The science and technology challenge, which is aimed at 9-16 year olds, tasks teams to solve real world problems with the help of a robot. This year’s challenge, which was announced across the world in August, requires young people to identify a real-world problem in the way that waste is dealt with, investigate it and come up with an innovative solution. They also had to design, build and program an autonomous LEGO MINDSTORMS robot to tackle a series of waste-related missions.
Lambda Jam and the RSE Young Academy of Scotland (YAS) have been building on the success of last year’s FIRST LEGO League (FLL) to bring the enjoyment of robotics to 1,000 Scottish schoolchildren.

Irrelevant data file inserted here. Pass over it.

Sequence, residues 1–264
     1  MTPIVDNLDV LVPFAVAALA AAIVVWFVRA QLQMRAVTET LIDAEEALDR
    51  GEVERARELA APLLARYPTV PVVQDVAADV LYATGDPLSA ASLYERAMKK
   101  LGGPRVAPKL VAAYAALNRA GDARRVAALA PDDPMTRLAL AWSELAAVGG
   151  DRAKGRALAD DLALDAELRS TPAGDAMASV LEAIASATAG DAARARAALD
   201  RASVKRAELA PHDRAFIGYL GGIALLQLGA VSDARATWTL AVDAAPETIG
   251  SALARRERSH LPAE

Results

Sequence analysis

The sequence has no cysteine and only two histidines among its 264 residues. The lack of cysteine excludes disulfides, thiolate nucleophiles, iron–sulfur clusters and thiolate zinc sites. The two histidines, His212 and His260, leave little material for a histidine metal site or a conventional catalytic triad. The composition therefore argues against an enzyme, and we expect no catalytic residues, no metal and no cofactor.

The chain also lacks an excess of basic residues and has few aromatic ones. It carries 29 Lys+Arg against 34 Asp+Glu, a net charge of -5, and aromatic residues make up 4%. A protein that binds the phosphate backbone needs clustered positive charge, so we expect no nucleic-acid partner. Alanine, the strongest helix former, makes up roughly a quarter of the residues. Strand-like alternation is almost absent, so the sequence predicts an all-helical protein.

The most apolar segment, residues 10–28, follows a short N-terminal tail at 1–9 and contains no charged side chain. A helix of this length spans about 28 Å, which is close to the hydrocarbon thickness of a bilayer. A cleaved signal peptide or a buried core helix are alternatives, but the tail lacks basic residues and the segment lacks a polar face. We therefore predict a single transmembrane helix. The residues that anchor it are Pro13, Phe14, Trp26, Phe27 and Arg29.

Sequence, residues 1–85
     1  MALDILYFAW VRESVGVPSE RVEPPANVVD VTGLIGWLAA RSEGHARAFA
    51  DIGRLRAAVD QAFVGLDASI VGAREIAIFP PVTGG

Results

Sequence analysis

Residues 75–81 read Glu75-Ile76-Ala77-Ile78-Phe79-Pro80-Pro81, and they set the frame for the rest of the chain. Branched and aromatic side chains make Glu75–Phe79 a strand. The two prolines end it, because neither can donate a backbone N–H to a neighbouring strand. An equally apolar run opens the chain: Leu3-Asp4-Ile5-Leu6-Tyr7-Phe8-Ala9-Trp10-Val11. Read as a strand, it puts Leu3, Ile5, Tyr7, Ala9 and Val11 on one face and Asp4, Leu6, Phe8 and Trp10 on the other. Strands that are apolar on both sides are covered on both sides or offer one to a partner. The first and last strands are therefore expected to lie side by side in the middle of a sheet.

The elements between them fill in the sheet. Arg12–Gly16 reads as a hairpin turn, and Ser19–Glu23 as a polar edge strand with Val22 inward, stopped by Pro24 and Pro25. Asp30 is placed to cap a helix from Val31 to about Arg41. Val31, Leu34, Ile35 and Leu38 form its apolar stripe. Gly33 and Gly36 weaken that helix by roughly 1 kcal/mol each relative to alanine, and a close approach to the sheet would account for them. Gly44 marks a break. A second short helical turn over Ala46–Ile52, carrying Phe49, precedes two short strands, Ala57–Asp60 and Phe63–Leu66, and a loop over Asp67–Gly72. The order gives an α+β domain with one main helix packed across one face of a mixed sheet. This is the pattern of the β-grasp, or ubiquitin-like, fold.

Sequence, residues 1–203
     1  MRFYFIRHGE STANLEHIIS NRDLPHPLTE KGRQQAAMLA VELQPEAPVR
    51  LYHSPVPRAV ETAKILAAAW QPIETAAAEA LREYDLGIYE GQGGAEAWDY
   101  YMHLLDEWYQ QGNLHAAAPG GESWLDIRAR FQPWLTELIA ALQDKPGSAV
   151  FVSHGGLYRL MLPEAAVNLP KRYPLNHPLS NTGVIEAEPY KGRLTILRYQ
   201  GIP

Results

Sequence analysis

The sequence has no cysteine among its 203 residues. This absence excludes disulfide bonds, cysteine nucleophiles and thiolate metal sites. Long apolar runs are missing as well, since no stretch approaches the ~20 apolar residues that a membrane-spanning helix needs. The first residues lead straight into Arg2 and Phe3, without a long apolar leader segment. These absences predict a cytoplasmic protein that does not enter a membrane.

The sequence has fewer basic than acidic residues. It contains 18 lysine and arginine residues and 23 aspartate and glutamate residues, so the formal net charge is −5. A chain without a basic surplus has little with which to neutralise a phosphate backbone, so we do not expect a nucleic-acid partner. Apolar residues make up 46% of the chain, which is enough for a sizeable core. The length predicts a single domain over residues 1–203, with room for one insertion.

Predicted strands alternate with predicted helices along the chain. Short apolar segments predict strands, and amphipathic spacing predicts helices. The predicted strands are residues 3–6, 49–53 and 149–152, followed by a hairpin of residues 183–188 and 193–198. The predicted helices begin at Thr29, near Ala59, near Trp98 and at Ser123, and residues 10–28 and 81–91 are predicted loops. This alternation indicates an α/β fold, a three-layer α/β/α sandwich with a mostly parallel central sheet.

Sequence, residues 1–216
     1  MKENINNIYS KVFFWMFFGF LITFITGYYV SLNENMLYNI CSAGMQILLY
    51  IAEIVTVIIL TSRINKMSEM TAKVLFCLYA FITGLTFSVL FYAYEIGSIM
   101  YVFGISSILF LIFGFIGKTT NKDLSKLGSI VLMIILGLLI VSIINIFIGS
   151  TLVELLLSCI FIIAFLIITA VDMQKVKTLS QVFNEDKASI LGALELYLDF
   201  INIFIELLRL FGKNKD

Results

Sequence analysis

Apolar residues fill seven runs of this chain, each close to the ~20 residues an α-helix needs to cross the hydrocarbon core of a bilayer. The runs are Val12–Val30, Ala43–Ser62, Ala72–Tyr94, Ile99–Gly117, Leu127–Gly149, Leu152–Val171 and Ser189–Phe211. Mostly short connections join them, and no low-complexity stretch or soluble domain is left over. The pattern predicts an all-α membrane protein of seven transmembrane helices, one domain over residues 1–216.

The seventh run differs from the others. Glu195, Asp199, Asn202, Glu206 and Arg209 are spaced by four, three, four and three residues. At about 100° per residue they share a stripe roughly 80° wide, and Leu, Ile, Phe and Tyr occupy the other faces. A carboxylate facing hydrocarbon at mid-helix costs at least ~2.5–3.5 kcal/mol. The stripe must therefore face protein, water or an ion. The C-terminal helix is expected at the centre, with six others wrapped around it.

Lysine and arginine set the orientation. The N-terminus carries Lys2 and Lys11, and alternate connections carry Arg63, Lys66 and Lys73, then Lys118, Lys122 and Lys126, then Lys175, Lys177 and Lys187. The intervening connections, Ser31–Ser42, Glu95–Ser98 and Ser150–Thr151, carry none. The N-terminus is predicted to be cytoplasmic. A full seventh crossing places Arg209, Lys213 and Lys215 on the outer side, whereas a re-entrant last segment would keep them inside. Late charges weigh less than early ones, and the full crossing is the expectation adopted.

The young master builders and inventors have been gearing up to put their robots and ideas to the test at tournaments across the country. This is the culmination of months of engineering design, programming, and research, led mainly by teachers with mentoring from professional engineers and university academics.
The Young Academy of Scotland, in collaboration with LambdaJam, is running the First Lego League in Scotland this year - see previous news article for more information. In order to facilitate the involvement of schools from disadvantaged areas, we are setting up a network of volunteer mentors to go into schools. Engingeers of al types are needed to mentor teams from across Scotland, working with students and teachers, and inspiring the next generation of engineers and scientists.
Jeremy Hall is Professor of Psychiatry at Edinburgh University and Scottish Senior Clinical Fellow. He is an Honorary Consultant Psychiatrist in General Adult and Liaison Psychiatry, at the Royal Edinburgh Hospital and the New Royal Infirmary of Edinburgh.